Gray Davis is not somebody who was elected and then suddenly acted in a way that should've shocked the people who elected him. He had already been governor for four years, and got re-elected. And then in the first few months of his second term, some rich, unhappy people organized a recall campaign. When did our national fruit become sour grapes?
When I studied about recall elections as a school kid, I learned that they existed in case an elected official committed a crime or did some other dastardly act. And don't tell me that taking over a government with a huge surplus and turning it into one with an even huger deficit is a dastardly crime. If we recalled everybody who did that, well, you know where that would end.
When President Bush was elected, some Democrats were rather upset with that outcome. Republicans called them "crybabies" and said that if they weren't happy, the American way was to accept the results of the election, and then try to elect somebody else in the next election. I haven't heard those voices calling the California recall forces "crybabies," have you?
After every election, I'm disappointed by the poor voter turnout. Often those who don't vote will say, "I just didn't have the time." Usually, this gets me mad, because it only takes a few minutes to vote. However, in this election, after the voters flip through all the pages to locate their favorite, it may be time for another election. It's actually possible that there will be more candidates than voters. Where are they going to hold a debate with all these people? Dodger Stadium?
And the way this election works is pretty goofy. If 49 percent of the people vote against recalling Davis, he's out. But if the leading vote-getter among the 135 candidates gets only, say, 10 percent of the vote, then he or she would be the winner. So, California could have a new governor whose support is considerably smaller than Davis'. Make sense to you? Then you're probably one of the candidates.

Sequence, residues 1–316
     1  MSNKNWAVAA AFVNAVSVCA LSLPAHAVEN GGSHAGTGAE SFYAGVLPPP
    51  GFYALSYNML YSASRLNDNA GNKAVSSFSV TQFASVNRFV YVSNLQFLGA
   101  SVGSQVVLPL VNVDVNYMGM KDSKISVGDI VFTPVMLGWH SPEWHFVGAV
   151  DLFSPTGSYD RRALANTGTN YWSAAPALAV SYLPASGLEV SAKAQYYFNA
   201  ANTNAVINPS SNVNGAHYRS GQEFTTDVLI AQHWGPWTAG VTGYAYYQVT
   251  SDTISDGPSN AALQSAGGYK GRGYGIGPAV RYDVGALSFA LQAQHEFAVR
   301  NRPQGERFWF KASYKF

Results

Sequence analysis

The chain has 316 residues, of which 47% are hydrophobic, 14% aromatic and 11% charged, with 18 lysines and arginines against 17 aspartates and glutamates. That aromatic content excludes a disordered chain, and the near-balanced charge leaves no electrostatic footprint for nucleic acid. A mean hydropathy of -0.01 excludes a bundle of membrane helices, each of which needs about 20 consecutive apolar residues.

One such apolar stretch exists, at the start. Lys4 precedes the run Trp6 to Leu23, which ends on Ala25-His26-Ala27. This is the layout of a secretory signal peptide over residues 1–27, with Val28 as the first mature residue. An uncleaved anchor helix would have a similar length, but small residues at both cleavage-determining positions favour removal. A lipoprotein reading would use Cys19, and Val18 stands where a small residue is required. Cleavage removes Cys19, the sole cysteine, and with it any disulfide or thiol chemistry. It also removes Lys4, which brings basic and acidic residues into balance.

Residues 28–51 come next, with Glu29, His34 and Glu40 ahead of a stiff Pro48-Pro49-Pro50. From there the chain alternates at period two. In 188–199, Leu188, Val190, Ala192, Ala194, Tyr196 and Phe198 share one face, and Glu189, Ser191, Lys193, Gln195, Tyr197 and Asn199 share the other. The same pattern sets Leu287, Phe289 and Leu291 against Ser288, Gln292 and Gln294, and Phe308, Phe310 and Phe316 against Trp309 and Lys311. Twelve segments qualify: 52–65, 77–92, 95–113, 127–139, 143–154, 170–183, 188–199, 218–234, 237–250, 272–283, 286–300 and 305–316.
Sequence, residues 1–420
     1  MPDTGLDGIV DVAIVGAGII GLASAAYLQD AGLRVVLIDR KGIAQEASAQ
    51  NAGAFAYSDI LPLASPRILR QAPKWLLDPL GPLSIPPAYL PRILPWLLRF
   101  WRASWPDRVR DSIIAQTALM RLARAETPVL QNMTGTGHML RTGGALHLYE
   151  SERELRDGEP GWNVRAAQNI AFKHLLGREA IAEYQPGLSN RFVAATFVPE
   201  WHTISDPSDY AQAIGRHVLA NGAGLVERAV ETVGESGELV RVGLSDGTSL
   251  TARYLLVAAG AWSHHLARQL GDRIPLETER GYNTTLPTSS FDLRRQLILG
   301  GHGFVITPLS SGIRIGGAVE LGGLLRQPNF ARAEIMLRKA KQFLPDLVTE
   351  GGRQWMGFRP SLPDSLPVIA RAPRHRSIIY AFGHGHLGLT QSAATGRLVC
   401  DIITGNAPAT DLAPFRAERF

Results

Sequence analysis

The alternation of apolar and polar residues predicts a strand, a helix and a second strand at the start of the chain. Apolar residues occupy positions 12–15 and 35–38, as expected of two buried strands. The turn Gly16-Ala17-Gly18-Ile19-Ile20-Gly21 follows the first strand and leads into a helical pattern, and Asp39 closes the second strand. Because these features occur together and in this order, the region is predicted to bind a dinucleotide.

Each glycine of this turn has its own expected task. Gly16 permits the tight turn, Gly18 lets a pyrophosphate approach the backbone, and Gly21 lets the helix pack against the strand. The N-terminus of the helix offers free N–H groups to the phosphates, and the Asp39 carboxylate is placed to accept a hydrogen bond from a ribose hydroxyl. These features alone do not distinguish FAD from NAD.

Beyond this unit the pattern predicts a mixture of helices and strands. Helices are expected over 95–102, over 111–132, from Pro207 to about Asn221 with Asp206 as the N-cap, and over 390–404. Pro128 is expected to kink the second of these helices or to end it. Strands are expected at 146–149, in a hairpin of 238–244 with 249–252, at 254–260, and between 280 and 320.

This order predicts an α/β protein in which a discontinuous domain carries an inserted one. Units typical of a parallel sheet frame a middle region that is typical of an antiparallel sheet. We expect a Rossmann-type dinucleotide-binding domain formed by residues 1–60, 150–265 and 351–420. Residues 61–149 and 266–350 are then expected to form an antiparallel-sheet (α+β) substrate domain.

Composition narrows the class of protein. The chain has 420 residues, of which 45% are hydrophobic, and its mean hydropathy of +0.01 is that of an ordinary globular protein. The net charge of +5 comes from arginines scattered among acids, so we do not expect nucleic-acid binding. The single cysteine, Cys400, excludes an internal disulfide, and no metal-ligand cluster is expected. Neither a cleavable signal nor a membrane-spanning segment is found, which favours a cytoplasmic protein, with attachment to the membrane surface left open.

Nobody should really be surprised by this recall election, because we live in a "recall society." People don't accept situations if they aren't 100 percent happy. If things aren't going their way, they bail...or sue. If they start losing a game, they quit. If they get tired of their year-old car, they replace it. If they don't like their nose, breasts, or butt, they get new ones. If their home life isn't perfect, instead of trying to work things out, they "recall" the marriage as quickly as they can.
What if the Pilgrims had made a U-turn after finding things less than perfect here? What if Michael Jordan had quit playing basketball because he didn't win a spot on the team the first time he tried? What if your parents tried to recall you because you were a little colicky?
There's something good about having to "play the cards you're dealt." Being a gracious loser can help you learn how to be a gracious winner. But today people seem to feel entitled to having things their way no matter what. I'm afraid our recall society is going to be here for awhile. I confess that I participate in it, too. In fact, whether you like this column or not, you can exercise your right to recall by reading a completely new column next week.
Lloyd Garver has written for many television shows, ranging from "Sesame Street" to "Family Ties" to "Frasier." He has also read many books, some of them in hardcover.
By Lloyd Garver